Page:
Tuesday, May 18, 2010

Portraits in the Grand Manner

The dominating style in late eighteenth century British portraiture is known as "Grand Manner." Some credit the invention of the style with Joshua Reynolds refined and defined the style in his Discourses on Art and would discuss it in his lectures at the Royal Academy. Reynolds actually would refer to it as "great style" or "great style" but names were not important, it was the concept of the style.

So how we do we know what is Grand Manner? Well, most of the portraits that have graced this blog over the years are done in this style, for the blog's author has a preference to this style which shows her Enlightenment. That is the intention of Grand Manner: to show the sitter's Enlightenment. The sitter is made to look noble, smart, and with purpose. "That isn't as easy as you may think." you might say. Luckily, I have a a quick reference guide to how to piece together a portrait in the grand manner style:

1. Paint a full length life size or larger.

2. Put the sitter in a Classical pose (extra points for a gesture)

3. Paint an Arcadian landscape, more fantasy than reality.

4. Include a Classical prop: urn, fragment of architecture, or even Laocoon statue (if you are in Rome)

5. Dog is a charming touch but optional


  1. I love it! What a great breakdown!

    Do you have any sources for the Reynold's link? And how does the Grand Manner differ from earlier portrait styles?

  2. I love Grand Manner style, it made the sitters look so interesting that one would desire to have had the oportunity to know them.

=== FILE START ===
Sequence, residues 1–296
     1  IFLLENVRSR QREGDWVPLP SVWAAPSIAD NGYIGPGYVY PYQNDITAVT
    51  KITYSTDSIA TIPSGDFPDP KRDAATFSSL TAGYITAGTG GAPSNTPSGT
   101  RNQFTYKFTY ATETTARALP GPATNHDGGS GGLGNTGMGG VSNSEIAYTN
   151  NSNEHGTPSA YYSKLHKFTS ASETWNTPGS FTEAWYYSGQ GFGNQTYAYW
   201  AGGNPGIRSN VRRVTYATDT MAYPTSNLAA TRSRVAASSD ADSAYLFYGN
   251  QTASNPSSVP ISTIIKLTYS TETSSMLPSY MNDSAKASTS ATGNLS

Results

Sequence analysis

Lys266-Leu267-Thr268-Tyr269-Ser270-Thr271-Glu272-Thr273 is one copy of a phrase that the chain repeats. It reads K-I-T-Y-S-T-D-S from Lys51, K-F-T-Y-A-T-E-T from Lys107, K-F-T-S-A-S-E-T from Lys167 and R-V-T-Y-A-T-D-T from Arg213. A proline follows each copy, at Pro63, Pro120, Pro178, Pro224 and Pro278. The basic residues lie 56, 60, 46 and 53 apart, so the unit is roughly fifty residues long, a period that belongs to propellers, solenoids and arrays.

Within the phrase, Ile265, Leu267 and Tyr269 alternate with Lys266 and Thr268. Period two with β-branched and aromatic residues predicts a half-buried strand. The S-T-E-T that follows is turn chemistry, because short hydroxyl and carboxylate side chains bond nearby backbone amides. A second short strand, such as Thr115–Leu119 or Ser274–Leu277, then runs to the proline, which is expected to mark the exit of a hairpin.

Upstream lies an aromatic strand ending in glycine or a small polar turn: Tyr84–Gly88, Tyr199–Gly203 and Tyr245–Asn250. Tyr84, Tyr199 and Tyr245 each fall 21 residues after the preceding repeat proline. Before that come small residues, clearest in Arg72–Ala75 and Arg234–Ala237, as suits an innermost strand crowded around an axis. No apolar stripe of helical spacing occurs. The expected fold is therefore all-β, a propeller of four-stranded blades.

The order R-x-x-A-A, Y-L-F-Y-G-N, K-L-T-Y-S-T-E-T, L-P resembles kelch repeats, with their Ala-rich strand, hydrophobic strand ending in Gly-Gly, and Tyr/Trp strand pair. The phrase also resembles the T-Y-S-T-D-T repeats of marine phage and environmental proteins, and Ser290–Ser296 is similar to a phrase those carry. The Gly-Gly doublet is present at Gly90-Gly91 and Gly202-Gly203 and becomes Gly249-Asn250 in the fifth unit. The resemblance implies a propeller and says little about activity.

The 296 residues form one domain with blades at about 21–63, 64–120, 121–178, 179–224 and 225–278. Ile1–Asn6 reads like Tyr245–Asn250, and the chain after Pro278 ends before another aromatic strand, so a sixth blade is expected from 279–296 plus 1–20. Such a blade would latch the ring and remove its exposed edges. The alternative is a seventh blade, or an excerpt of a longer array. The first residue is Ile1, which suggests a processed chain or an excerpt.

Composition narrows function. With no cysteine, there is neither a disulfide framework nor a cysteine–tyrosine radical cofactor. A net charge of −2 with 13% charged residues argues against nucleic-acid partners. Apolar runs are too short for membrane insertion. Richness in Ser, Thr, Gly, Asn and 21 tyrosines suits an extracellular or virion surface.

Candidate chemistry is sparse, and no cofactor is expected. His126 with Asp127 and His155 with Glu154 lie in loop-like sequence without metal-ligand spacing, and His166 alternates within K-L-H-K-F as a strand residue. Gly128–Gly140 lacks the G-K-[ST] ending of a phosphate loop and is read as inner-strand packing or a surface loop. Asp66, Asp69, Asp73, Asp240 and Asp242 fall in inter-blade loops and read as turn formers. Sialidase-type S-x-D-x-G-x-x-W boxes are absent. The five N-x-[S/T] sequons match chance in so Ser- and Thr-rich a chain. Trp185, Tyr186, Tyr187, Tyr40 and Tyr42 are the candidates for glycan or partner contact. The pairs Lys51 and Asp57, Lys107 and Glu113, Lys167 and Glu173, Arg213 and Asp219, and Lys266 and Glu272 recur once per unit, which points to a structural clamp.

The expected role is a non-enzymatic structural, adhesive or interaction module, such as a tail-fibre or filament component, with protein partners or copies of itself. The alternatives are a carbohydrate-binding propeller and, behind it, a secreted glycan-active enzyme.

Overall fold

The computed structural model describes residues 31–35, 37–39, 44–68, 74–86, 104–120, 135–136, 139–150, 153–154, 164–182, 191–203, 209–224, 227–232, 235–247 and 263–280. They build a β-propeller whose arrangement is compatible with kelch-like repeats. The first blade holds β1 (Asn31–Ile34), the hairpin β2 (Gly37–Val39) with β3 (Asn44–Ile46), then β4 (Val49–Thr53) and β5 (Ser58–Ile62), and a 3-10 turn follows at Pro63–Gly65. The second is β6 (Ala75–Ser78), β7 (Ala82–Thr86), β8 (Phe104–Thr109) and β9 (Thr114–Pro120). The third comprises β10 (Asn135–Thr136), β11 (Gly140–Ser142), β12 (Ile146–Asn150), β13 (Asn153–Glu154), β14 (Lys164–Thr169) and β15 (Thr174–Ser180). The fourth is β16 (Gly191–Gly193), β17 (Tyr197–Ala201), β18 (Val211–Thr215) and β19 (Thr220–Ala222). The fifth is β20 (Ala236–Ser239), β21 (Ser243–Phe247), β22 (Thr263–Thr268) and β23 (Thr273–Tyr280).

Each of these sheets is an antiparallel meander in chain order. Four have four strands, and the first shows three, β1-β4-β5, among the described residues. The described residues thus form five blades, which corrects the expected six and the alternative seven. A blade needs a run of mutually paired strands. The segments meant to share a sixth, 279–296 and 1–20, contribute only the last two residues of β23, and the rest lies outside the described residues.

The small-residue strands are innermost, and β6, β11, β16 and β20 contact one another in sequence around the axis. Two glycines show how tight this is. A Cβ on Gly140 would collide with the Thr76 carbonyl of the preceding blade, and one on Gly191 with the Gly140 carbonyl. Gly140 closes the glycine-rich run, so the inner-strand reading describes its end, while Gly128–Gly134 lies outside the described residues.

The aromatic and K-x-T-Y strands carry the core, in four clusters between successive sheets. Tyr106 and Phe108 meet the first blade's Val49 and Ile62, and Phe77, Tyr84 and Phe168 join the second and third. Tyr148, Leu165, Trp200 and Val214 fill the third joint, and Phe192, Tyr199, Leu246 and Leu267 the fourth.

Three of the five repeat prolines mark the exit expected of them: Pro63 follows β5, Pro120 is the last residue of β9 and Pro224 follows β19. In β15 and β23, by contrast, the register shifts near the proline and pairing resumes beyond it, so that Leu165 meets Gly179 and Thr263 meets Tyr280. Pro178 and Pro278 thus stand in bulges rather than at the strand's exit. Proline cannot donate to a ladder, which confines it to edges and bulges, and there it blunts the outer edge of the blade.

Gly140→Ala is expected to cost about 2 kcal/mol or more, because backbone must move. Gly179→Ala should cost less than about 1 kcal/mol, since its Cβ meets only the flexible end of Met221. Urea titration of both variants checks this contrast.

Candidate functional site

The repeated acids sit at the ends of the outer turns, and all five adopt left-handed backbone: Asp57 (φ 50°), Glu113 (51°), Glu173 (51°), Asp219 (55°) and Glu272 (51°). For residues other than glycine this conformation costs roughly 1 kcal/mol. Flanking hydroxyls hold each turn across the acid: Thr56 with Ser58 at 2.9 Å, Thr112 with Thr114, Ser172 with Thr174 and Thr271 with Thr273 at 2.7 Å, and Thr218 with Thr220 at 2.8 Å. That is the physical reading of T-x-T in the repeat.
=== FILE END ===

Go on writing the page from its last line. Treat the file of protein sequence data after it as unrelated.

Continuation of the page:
3. The link that shows the detail of the Laocoon statue? That is a Batoni's portrait of Count Kirill Grigorjewitsch Razumovsky. The Grand Manner differs in that it was conscious of the sitter's surroundings with a goal of distinguishing the sitter as intelligent and enlightened. The techniques were adapted from studying the Italian Renaissance masters. Earlier portrait styles tended to also want to flatter their sitter but they were usually put in a static pose and usually in an interior background.

  4. Ah, our old friend Lord Dunmore, illustrating yet another Grand theme: Paint the sitter wearing at least three clashing tartan plaids. Love it!

  5. thanx a lot for that great post! i like the third one of lady delmé and her children.
    but some of reynolds not so grand manner portraits are also very nice: 1) love the pose in this one
    2) her facial expression is just captivating. what was Miss Jacobs thinking about, that made her looking so sad?

  6. hmm... I'll remember these rules for when I have my portrait painted someday. For my boudoir of course ;)